To be clear, this is not Cinco de Mayo! Mexican Independence Day is an entirely different holiday celebrated in Mexico. On September 16, 1810, Mexico revolted against the Spaniards for Independence. Today, Mexicans celebrate this holiday with fireworks, fiestas, food, dance and music. The Mexican flag is flown high and its colors—red, white and green—decorate the entire country. Whistles, horns, and confetti are also a part of this festive occasion. In the streets you’ll hear “Viva Mexico” or “Viva la independencia”!
Mexico’s independence began when Miguel Hidalgo, one of the leaders of the War of Independence, made the cry of independence (El Grito de la Independencia) in the town of Dolores (now called Dolores Hidalgo) in the Mexican state of Guanajuato. This is why Mexican Independence Day is often called Grito de Dolores, or “cry of Dolores”. Hidalgo’s cry of independence was meant to motivate people to revolt against the Spanish regime.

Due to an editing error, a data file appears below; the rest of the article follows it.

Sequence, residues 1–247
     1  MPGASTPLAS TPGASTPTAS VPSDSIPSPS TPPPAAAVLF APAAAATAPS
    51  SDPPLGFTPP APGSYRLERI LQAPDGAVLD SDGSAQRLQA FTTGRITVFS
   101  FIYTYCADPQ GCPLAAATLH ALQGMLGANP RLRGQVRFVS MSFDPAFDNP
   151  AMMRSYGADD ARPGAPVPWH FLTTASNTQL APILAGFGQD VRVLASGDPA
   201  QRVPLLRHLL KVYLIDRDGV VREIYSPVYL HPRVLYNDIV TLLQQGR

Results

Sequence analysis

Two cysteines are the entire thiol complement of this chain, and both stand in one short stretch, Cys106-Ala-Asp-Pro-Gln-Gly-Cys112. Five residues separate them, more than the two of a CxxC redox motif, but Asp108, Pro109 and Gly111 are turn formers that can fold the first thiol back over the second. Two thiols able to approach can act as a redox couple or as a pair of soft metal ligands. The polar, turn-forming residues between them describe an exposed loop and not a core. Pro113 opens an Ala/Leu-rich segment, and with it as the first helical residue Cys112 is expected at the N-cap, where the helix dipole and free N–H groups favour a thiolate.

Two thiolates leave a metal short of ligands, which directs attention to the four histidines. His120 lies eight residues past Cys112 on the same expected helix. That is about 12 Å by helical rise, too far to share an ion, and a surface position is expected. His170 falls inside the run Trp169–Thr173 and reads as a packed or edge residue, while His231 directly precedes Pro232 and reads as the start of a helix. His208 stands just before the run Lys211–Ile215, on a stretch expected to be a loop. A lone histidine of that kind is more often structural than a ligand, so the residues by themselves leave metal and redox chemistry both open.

Ignacio Allende and Juan Aldama were two Mexican rebels in Hidalgo’s core of insurgents, but Hidalgo is remembered for being the one to bring the revolution to the public eye. Hidalgo’s army fought the Spaniards in the fight for independence, but Hidalgo was captured and executed on July 30, 1811. Mexico’s independence was not officially won until September 28, 1821.
Today the Mexican president heralds the start of the celebration at 11pm precisely on September 15 each year. The president gives a speech on the balcony of his palace, and the public cheers in celebration, while singing the Mexican national anthem. The president reads Hidalgo’s famous words and rings a bell to officially kick things off. An estimated 500,000 citizens and tourists gather at the National Palace in Mexico City for this celebration.
If you plan to celebrate Mexican Independence Day in Playa del Carmen, or elsewhere in Riviera Maya, be prepared to start celebrating on the evening of September 15. On the streets of Playa del Carmen, fireworks will go off, and vendors will be selling noisemakers, hats, flags, and anything else patriotic. Look for a large tent on the central park in front of the City Hall. This is where the festivities will be located.
If you’re traveling in Mexico during this time, keep in mind that this is a public holiday and banks, schools, government offices and many businesses are closed.
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